To follow is a possible risk assessment for fallow time:

Fallow Time Risk Assessment

As a business, we need to be viable but be viable safely and for all concerned.  Otherwise, there will be no business.  The OCDO has allowed NHS practices to do 20% of their UDA contract, yet still, be paid the full amount of their contract value.  What help is there for private practices?  None, so we have to think for ourselves and use the science and evidence to facilitate treatments and consider the safe delivery for our staff, patients and our business – in that order.

At the time of writing this, there have been no dental transmissions of COVID that have been found by test and trace.  Our infection control measures in dentistry have always been the highest, quite frankly I would be more concerned with the other microorganisms we face over COVID. As I write this, according to worldometers.info in the UK there are 77 people in a serious condition and a reported 0.068% of the UK population have died, reportedly of covid. However, we know that this figure is likely to be far less than this due to an over-reporting of covid by doctors on death certificates; it is now likely to be around 29,000 deaths instead of 46,000.

In the middle of June, the UK reported the lowest number of daily deaths in the past 5 years. 

We are currently awaiting Scottish Dental Clinical Effectiveness Programme (SDCEP) to publish new guidance that will officially reduce the fallow to 30 minutes – this is due out any time now.  If this changes our RA significantly then we will review it.

About the Author:

Jo Russell, Oracle’s Managing Consultant, has over 30 years experience in the dental profession. Having successfully performed a number of roles within the practice, she has acquired a large amount of expertise in the dental field. She has a proven track record in Practice and Area Management, overseeing a large group of practices in London and the South. As a result of her experience, Jo saw the need for assisting clinicians in giving their businesses a fresh perspective on Practice Management, Compliance and Procedures.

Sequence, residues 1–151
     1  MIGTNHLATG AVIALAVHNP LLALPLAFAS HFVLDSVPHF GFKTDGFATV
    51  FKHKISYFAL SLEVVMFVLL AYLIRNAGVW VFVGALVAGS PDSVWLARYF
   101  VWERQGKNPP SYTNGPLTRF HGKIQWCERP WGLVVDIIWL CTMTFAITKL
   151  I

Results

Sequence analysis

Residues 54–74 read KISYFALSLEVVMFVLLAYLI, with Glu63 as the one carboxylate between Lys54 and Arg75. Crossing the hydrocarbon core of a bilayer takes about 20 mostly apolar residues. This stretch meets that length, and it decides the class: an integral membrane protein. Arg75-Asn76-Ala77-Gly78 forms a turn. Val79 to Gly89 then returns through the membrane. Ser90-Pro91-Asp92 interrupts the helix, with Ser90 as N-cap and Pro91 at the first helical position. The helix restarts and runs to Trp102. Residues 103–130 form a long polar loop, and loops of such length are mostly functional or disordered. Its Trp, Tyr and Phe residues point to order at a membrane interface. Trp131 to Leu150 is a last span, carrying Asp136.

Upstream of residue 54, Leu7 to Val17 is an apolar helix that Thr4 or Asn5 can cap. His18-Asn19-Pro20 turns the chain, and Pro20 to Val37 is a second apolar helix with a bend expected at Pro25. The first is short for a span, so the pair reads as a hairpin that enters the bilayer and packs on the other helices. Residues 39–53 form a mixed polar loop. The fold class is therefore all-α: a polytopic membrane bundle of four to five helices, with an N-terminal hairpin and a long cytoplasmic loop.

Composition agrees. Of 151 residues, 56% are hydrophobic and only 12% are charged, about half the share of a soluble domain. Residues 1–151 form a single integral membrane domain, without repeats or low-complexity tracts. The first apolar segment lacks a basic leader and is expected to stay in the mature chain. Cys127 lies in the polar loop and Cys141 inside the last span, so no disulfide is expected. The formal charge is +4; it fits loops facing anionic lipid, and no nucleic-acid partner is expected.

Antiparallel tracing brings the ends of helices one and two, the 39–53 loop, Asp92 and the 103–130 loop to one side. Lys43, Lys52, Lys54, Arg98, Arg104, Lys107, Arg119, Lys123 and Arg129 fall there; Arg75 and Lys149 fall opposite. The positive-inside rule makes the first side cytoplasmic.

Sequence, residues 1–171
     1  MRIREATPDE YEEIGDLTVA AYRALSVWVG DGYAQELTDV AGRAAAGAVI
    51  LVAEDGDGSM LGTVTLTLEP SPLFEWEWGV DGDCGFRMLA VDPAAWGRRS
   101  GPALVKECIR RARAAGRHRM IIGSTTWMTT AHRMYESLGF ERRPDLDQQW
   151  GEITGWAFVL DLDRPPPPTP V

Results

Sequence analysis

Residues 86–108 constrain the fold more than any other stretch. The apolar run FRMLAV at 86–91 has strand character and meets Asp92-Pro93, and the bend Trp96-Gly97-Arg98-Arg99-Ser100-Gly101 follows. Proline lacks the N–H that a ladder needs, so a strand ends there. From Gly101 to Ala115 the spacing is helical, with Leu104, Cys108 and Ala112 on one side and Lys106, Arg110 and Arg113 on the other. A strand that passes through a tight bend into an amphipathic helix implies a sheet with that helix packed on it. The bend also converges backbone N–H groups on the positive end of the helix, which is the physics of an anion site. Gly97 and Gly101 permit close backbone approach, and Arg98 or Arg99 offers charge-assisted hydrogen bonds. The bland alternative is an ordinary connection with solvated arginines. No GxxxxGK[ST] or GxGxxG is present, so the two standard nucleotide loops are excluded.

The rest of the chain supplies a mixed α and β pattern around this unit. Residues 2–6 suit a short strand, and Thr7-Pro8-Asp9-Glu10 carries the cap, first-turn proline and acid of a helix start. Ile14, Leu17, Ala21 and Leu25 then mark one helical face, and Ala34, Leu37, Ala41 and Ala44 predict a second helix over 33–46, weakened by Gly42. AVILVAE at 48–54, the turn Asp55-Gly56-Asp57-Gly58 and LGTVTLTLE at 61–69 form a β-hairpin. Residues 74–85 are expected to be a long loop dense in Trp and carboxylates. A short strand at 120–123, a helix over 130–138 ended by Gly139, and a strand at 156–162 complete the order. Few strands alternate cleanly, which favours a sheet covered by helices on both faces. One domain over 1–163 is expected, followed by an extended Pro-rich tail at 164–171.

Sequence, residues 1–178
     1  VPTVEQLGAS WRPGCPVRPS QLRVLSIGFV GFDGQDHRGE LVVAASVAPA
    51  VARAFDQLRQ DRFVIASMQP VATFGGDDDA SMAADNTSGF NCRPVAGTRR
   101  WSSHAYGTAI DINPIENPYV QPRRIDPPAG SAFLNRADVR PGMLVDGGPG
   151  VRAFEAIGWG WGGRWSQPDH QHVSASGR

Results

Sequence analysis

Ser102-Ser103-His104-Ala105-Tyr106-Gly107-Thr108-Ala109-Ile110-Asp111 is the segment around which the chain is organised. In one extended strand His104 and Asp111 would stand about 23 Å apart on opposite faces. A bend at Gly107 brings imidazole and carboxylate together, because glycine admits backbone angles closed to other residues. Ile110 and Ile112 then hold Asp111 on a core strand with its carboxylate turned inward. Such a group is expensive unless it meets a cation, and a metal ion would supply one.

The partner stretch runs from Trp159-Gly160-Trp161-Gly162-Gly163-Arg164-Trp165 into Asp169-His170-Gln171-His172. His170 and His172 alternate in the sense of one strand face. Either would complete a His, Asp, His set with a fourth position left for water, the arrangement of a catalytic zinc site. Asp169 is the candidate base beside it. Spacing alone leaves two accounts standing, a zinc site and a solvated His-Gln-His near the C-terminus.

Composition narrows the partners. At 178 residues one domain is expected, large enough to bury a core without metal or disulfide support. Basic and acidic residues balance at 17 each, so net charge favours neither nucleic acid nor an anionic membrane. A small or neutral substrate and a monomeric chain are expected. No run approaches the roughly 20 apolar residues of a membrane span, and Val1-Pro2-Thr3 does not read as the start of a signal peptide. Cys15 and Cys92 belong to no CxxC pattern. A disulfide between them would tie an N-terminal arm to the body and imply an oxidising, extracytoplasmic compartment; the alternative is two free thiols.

She has a great deal of experience in teaching and training, having been involved for over 25 years in developing the dental team and writing various articles for several national Dental Magazines.

Jo has an ongoing commitment to dentistry with her experience as a CQC bank inspector and currently an expert witness for the GDC at Fitness to Practice cases, she has also gained further knowledge in:

  • Care Quality Commission compliance
  • Practice Management and Dental Practice Management
  • BTEC and ILM Professional Diploma in Dental Practice Management
  • Health and Safety at Work
  • Radiation Protection Supervisor
  • Clinical Governance
  • Practice Finance
  • Human Resources
  • Contracts
  • Marketing and Advertising
  • Reflective Practice
  • Customer Service
  • Certificate in Education
  • City and Guilds NVQ Assessor and Internal Verifier

Providing ILM Diploma in Dental Practice Management, Continuing Professional Development and teaching keeps Jo in touch with day to day, high-quality contemporary practice.